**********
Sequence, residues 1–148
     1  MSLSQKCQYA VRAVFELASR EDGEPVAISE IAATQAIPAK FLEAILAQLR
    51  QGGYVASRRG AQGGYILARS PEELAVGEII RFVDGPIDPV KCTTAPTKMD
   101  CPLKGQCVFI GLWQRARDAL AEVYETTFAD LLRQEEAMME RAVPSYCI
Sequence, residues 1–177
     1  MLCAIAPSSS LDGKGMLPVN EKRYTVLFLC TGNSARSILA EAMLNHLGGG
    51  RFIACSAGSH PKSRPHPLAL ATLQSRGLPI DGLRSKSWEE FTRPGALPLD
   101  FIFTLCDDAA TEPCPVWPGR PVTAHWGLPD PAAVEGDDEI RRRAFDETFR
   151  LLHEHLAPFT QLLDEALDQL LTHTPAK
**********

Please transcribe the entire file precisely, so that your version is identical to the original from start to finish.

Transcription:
Sequence, residues 1–148
     1  MSLSQKCQYA VRAVFELASR EDGEPVAISE IAATQAIPAK FLEAILAQLR
    51  QGGYVASRRG AQGGYILARS PEELAVGEII RFVDGPIDPV KCTTAPTKMD
   101  CPLKGQCVFI GLWQRARDAL AEVYETTFAD LLRQEEAMME RAVPSYCI
Sequence, residues 1–177
     1  MLCAIAPSSS LDGKGMLPVN EKRYTVLFLC TGNSARSILA EAMLNHLGGG
    51  RFIACSAGSH PKSRPHPLAL ATLQSRGLPI DGLRSKSWEE FTRPGALPLD
   101  FIFTLCDDAA TEPCPVWPGR PVTAHWGLPD PAAVEGDDEI RRRAFDETFR
   151  LLHEHLAPFT QLLDEALDQL LTHTPAK